Anger: A strong feeling of annoyance, displeasure and hostility
Some verses that address anger…
Ephesians 4:26-31 “In your anger do not sin”
James 1:19-20 Everyone should be quick to listen, slow to speak and slow to become angry, for man’s anger does not bring about the righteous life that God desires.
Proverbs 29:11 A fool gives full vent to his anger, but a wise man keeps himself under control.
Proverbs 19:11 A man’s wisdom gives him patience; it is to his glory to overlook an offense.
Proverbs 15:18 A hot-tempered man stirs up dissension, but a patient man calms a quarrel.
Anger can manifest itself in several ways including depression, inappropriate/sinful behavior, passive aggressive behavior, or an appropriate expression of anger.
Several important steps can be taken to experience anger and express yourself in a healthy way:
- Know your triggers.
Common triggers include: insults, putdowns, (perceived) failure, rejection, not getting credit for something, disrespect, injustice, feelings of powerlessness or lack of control, not feeling loved, being unjustly accused, etc.
List 3 of your triggers:
- Know your warning signs.
Common warning signs include: tense muscles, loud or mean voice, fast heartbeat, fast breathing, feeling depressed, wanting to fight or break things, crying and withdrawing, etc.
List 3 of your warning signs:
- Know how to respond.
One good way to respond when you see these warning signs or you notice a triggering event is to remember the acronym “SIT.” Which stands for Stop, Identify, and Talk. What are some other ways you can respond?
Regret: A feeling of sadness, repentance or disappointment over something that has happened or been done.
Some verses that address regret:
Philippians 3:13 Brothers, I do not consider that I have made it my own. But one thing I do: forgetting what lies behind and straining forward to what lies ahead, I press on toward the goal for the prize of the upward call of God in Christ Jesus.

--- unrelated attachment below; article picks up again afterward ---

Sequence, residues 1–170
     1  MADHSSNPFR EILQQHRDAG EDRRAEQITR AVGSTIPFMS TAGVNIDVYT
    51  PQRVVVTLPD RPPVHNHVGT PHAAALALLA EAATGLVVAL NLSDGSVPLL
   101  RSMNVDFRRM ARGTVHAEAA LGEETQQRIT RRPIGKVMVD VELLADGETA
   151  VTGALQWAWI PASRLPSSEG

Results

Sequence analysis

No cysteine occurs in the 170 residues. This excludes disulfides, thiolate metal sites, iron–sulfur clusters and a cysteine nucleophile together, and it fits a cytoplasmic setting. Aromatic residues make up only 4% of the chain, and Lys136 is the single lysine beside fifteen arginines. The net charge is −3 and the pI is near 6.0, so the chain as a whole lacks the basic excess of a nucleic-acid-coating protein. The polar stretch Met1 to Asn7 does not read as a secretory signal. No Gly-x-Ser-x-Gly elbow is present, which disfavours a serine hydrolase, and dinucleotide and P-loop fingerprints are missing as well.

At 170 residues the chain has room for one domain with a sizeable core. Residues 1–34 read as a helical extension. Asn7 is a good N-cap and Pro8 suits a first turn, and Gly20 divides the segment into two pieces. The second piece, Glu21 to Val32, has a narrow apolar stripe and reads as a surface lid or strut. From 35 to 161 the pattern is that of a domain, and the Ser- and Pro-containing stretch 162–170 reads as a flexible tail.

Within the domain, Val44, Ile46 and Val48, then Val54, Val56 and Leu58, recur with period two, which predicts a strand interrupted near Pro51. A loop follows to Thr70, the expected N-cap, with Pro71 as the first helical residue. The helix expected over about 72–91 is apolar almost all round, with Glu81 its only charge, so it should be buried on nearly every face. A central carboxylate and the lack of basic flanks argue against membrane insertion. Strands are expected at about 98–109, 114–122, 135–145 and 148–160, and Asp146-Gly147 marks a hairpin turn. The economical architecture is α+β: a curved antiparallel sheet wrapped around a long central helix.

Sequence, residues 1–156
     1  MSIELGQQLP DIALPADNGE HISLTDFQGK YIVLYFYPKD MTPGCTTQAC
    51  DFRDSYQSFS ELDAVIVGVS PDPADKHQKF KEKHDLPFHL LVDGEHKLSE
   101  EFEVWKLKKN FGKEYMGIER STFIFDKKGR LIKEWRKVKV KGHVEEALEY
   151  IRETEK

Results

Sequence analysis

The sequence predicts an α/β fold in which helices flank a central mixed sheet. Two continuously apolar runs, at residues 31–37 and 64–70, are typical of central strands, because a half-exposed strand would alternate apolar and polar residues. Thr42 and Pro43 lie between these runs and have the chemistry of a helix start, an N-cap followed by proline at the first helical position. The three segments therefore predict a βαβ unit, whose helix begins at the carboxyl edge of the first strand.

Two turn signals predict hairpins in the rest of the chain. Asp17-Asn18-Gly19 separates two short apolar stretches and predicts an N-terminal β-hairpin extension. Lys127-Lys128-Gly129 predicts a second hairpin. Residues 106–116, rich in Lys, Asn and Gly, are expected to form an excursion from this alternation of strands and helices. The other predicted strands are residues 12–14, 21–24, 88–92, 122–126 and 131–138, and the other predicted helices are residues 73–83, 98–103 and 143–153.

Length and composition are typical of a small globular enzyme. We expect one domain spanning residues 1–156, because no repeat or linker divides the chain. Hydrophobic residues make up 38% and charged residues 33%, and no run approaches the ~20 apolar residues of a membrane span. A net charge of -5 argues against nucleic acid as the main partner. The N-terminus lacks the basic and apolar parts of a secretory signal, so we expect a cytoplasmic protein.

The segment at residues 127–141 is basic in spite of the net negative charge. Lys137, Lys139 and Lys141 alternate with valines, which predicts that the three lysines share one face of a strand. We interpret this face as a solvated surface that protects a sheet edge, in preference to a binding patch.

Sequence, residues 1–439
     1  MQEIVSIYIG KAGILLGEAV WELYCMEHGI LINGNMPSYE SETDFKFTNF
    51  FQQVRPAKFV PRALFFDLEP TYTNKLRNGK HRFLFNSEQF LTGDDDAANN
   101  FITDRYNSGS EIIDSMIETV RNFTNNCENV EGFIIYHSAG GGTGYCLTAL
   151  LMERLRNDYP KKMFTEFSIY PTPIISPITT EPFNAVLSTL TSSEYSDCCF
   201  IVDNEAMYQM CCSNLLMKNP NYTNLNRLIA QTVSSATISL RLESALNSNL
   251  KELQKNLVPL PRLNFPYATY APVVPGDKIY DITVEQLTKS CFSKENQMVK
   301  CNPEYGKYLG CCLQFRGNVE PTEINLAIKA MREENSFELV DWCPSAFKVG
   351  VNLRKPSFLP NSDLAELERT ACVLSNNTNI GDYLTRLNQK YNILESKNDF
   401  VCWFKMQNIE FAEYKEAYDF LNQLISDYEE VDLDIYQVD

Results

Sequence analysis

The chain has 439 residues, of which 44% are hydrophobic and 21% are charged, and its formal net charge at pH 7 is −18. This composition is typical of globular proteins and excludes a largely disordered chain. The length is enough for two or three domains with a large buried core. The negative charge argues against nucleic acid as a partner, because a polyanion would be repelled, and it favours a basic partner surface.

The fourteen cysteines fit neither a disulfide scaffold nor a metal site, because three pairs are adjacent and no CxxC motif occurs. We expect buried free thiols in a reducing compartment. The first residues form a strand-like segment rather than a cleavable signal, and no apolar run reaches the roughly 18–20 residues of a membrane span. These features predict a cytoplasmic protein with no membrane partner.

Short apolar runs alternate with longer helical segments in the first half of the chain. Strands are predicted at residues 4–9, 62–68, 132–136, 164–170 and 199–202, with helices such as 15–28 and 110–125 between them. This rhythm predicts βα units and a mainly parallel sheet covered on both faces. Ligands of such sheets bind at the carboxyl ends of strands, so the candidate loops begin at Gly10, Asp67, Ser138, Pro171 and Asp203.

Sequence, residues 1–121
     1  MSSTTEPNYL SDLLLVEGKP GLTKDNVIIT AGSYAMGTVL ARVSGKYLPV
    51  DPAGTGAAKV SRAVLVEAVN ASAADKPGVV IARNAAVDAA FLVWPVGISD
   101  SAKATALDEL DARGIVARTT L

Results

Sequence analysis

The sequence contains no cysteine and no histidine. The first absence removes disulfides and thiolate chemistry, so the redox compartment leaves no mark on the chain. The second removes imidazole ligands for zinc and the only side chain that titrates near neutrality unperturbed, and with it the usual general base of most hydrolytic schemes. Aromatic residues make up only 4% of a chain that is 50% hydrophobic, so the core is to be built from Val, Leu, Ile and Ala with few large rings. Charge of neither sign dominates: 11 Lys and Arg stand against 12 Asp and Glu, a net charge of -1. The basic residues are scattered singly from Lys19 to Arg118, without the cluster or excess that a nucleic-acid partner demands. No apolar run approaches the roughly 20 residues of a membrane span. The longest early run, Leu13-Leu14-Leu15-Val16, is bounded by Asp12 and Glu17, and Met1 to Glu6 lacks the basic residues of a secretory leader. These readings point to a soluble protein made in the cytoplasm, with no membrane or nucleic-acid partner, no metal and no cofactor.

2 Corinthians 7:10 For godly regret produces a repentance that leads to salvation without regret, whereas worldy grief produces death.
Guilt and regret are very common feelings experienced by individuals who are grieving whether or not these feelings are appropriate or even rational. Guilt is often the key factor that keeps people from adjusting and growing through the experience of loss.
Guilt can occur due to being a “survivor,” excessive thinking about the “should have’s” and “if only’s,” or something we did or failed to do.
What are some areas that are causing you to feel regret? Complete the following sentences.
1) I wish I had said ___________________________
2) I wish my loved one would have said ___________________________
3) I wish I had not said ___________________________
4) I wish my loved one would have not said ___________________________
5) I wish I had ___________________________
6) I wish my loved one would have ___________________________
What are some ways that you can let go of these feelings of guilt/regret?
Part 2 of grief & loss curriculum